Metairie Step-Parent Adoptions
Blended families are becoming more and more common, in Louisiana and elsewhere. According to the U.S. Census Bureau, half of all marriages in the United States ends in divorce, and three-quarters of those who divorce end up remarrying. Consequently, half of American children under the age of 13 live in a household with one biological parent and one un-related adult. Most parents work hard to blend their families into one unit, and one way to help accomplish that is through adoption.
Why Adopt Your Step-Children?
There are many reasons why adopting one’s step-children might be the best option for a family.
First, adoption creates a legal relationship between step-parents and children, allowing the step-parent to care for the children in the same way as the biological parent. Without written permission from a biological parent, step-parent may not be able to pick the children up from school or daycare or obtain medical treatment. The step-parent may not have access to school or medical records.
Step-children are not considered legal heirs of a step-parent. Unless the step-parent has a will, step-children may be in an unequal position if the step-parent dies.
If a couple divorces, the rights of step-parents to visit their step-children is not automatic, as it is for biological parents. In many cases, children may not even know the other biological parent, and consider the step-parent as a mother or father. Separating step-parents and step-children after a divorce can be devastating for both the adult and the children.
Finally, adoption may serve to strengthen the family’s bonds, especially when the adults have children together. Often, when a family contains step-children as well as biological children, the step-children may feel as if they don’t belong, or somehow inferior.
The Process For Adopting A Step-Child
Maintaining a relationship between children and their parents is considered a top priority in Louisiana, as in all jurisdictions. Severing a legal relationship between a parent and a child is not done lightly, so the first step in adopting a step-child is to contact the parent. The custodial parent and the step-parent are joint petitioners in the adoption process, and the child must have lived with the custodial parent and step-parent for al least six months before a petition can be filed.
After an adoption petition is filed, the court may order a home study, just as in a regular adoption, While it may seem strange for the biological parent, the home study will assure the court that there is no abuse or neglect.
Before a step-parent adoption can take place, the consent of the non-custodial parent is required. If consent cannot be obtained, the court must terminate the parental rights of the non-custodial parent. Once given, consent to an adoption may not be revoked. Therefore, Louisiana requires the consenting parent to undergo counseling before giving final consent for an adoption.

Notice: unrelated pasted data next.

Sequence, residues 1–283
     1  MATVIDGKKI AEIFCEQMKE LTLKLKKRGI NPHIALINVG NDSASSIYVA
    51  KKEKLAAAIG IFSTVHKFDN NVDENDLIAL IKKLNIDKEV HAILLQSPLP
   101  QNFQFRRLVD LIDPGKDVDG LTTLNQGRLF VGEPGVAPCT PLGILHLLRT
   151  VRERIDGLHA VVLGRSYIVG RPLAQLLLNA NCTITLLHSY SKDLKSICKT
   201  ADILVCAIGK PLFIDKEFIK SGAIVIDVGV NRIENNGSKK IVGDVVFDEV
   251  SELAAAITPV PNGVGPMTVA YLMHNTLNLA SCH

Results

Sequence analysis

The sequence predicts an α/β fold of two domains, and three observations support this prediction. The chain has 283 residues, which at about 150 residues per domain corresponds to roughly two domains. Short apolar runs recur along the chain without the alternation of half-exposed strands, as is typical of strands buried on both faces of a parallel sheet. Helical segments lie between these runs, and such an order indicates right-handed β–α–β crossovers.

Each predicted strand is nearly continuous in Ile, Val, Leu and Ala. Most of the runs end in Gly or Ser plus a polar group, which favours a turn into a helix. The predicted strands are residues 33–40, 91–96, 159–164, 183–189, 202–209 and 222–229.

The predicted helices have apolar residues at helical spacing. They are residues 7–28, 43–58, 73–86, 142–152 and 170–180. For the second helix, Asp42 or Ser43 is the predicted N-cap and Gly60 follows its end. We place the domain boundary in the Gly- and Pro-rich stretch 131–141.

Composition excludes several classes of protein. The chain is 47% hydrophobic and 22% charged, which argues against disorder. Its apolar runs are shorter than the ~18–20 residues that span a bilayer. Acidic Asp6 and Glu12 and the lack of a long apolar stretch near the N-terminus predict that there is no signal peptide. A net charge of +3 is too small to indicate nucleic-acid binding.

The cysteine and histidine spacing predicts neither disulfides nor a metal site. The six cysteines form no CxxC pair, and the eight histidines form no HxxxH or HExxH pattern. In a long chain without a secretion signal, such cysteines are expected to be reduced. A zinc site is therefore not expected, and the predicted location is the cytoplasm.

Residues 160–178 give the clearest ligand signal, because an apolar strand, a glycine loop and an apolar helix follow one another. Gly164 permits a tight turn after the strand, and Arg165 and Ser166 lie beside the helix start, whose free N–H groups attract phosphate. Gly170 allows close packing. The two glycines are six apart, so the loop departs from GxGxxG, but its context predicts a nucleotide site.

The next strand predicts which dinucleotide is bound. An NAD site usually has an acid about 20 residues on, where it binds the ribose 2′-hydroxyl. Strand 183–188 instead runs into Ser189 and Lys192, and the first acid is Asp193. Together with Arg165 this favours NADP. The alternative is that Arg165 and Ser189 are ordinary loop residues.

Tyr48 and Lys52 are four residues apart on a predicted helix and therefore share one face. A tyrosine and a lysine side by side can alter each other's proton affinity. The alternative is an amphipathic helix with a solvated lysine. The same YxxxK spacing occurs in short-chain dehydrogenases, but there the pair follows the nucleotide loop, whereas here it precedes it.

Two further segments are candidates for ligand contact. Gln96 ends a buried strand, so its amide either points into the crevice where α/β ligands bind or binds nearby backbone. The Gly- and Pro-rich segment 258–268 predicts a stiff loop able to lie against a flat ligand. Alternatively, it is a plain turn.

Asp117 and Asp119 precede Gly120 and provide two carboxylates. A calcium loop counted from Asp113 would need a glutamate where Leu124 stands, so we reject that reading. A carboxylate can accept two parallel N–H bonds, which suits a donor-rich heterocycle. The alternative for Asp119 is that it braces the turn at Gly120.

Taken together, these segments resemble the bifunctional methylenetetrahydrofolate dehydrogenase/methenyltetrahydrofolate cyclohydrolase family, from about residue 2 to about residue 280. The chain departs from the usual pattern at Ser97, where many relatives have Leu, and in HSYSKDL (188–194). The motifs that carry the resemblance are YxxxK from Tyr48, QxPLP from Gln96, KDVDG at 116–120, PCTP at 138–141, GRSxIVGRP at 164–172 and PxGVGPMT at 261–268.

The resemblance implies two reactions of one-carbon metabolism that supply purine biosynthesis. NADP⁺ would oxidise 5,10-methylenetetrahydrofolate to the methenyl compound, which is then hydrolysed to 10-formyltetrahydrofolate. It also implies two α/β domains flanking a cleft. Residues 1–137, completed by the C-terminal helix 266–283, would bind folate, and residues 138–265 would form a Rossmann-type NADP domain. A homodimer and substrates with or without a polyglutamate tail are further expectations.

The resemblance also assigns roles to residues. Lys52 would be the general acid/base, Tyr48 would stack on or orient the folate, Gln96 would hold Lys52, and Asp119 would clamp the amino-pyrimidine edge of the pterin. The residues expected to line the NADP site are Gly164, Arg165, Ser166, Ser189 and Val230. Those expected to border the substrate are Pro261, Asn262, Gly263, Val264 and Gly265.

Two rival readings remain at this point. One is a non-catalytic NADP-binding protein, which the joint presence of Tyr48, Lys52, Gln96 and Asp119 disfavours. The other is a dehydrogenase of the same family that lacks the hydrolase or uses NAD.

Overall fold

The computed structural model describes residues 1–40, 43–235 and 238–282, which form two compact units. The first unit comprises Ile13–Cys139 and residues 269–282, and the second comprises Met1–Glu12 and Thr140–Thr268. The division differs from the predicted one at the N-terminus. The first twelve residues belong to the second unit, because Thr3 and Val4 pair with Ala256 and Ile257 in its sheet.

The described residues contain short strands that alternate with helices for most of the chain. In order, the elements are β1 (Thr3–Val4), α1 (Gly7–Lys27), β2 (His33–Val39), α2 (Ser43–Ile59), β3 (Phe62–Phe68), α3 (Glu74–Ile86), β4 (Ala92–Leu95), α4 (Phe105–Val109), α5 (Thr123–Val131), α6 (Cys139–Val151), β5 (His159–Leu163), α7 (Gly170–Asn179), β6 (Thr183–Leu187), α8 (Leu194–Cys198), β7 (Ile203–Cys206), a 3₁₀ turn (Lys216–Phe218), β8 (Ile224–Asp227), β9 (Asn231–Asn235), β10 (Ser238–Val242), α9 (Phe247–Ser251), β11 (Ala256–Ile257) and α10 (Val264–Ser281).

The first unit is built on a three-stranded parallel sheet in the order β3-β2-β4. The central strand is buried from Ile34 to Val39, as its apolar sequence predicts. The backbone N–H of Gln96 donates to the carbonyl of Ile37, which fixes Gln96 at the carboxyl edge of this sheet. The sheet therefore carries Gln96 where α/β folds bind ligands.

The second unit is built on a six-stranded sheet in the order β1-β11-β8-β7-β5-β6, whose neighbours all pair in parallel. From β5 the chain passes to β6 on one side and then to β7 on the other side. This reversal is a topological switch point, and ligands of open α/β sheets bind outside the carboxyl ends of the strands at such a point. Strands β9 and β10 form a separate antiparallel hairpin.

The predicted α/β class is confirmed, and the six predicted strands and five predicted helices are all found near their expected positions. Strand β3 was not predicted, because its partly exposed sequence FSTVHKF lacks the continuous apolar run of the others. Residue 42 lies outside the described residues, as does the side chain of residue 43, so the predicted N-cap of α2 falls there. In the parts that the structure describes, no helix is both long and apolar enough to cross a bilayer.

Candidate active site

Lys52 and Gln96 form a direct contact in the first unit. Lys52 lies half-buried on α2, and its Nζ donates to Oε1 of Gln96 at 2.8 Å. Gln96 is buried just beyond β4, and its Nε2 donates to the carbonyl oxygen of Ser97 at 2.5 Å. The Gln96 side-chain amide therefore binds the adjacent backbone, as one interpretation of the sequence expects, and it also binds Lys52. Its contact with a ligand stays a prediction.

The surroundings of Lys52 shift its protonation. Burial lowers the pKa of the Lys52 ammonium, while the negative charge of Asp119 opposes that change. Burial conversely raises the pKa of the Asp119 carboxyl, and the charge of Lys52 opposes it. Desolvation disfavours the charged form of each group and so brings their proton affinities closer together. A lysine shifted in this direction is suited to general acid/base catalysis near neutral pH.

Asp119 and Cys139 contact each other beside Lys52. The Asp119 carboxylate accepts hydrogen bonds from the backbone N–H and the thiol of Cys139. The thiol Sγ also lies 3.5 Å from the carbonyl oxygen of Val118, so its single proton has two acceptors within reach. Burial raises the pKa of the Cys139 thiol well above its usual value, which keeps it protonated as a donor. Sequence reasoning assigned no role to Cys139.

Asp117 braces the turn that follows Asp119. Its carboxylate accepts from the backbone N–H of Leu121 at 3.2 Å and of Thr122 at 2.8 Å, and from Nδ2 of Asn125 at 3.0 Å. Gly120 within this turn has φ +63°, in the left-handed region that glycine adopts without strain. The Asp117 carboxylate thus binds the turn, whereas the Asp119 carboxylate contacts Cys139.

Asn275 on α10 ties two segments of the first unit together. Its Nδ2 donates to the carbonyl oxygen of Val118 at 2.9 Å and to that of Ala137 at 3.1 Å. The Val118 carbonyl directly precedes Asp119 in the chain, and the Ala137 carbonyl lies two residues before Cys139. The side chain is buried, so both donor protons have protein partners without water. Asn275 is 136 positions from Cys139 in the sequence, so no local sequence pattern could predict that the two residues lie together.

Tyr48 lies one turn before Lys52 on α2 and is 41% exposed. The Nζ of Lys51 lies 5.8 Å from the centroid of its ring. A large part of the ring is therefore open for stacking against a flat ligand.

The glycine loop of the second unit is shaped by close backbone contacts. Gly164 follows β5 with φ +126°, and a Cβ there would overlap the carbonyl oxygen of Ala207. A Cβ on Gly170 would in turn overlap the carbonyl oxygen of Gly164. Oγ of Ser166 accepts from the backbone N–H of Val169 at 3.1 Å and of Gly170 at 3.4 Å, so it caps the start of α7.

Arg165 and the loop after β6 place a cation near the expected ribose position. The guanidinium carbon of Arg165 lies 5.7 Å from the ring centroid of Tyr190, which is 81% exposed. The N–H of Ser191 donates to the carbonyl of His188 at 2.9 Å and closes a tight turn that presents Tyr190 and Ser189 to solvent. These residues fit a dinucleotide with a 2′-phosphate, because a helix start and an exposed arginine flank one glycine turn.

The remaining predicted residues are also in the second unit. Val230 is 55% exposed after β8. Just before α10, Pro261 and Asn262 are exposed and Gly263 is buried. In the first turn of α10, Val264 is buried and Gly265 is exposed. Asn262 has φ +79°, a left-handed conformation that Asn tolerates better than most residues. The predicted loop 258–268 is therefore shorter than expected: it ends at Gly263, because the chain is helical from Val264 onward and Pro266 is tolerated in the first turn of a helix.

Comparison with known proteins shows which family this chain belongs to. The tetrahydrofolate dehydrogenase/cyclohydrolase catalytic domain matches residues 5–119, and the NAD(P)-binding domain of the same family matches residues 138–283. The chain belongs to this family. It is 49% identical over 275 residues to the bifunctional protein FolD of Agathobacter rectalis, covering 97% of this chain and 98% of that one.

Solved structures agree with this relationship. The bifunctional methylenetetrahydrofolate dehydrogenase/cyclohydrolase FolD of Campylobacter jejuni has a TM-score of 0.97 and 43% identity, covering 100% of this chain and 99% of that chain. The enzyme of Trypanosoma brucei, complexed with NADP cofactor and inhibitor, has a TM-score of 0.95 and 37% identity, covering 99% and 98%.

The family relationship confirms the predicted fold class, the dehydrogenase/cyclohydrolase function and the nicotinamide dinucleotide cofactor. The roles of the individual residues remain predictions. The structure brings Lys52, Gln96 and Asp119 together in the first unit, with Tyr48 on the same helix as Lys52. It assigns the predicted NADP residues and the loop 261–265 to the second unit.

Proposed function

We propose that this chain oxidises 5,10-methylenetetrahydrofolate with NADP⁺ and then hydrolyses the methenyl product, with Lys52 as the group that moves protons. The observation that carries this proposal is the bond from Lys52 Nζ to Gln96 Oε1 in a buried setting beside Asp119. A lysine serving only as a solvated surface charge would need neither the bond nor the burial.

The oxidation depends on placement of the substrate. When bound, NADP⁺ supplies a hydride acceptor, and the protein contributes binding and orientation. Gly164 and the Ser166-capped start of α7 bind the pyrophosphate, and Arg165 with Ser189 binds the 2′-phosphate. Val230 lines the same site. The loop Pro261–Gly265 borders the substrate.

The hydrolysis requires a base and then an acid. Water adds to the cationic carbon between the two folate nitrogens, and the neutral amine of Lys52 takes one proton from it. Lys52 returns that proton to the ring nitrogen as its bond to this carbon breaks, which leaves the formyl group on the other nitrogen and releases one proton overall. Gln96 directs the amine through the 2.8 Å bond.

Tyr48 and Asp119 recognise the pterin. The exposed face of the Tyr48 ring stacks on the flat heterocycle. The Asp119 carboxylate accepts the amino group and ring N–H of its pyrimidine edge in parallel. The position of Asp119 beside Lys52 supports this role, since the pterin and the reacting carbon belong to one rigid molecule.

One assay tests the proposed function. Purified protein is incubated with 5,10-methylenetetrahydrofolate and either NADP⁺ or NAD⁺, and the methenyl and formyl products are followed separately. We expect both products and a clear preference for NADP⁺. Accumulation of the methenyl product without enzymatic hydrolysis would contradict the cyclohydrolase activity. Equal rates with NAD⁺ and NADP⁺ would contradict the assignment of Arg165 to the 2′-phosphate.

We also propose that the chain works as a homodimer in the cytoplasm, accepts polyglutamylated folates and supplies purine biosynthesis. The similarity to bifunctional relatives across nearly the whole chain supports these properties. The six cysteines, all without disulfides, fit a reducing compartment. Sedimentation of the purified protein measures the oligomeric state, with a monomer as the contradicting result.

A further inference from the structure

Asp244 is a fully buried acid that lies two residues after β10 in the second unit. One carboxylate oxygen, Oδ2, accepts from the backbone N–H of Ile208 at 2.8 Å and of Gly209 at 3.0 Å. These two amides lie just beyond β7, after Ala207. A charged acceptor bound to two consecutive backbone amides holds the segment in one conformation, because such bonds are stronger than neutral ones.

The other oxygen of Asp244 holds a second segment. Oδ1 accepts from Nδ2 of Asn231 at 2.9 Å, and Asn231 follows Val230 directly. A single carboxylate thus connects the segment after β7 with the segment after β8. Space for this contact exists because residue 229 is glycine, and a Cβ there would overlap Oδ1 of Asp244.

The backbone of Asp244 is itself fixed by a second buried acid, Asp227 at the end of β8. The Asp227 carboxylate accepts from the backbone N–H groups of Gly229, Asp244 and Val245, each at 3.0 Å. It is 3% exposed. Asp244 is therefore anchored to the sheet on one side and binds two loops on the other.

The petitioners must convince the court that they have made every effort to locate the non-custodial parent before the court will terminate parental rights. However, if the non-custodial parent has refused without good cause to comply with court-ordered child support obligations for six months or more, or has failed to exercise visitation rights or contact the child for six months or more, the court can terminate parental rights.
If the parent has been given notice and fails to file an objection to the adoption within the specified period of time, the court can terminate parental rights. If the non-custodial parent objects to the adoption, a hearing will be held, and the court will consider whether adoption is in the best interests of the child, despite the parent’s objection.
Legal Consequences of Adoption
After the adoption is completed, the step-parent will have the same legal relationship to the child as the biological parent. The child’s name may be legally changed to the new parent’s name if the parties choose to do so. Any child support obligations of the former non-custodial parent will cease, and the child and former parent will no longer be related for inheritance purposes.
If the parties divorce, the new parent will have the same rights and obligations with regard to child custody, visitation, and support as the biological parent.
How Can A Family Law Attorney Help?
The process of adopting a step-child can be complicated. A Metairie adoption attorney can guide you through the process, and make sure that all legal requirements are met. Your attorney will make sure the requirements for notifying the non-custodial parent are met, and if the non-custodial parent consents to the adoption, your attorney can prepare the necessary consent forms. The process of filing the petition, preparing for a home study and preparing for the final hearing will be less stressful with an experienced family law expert by your side. Attorney Candice Bennatt can answer your questions about step-parent adoption. Call her today at 504-777-3500 for a confidential consultation.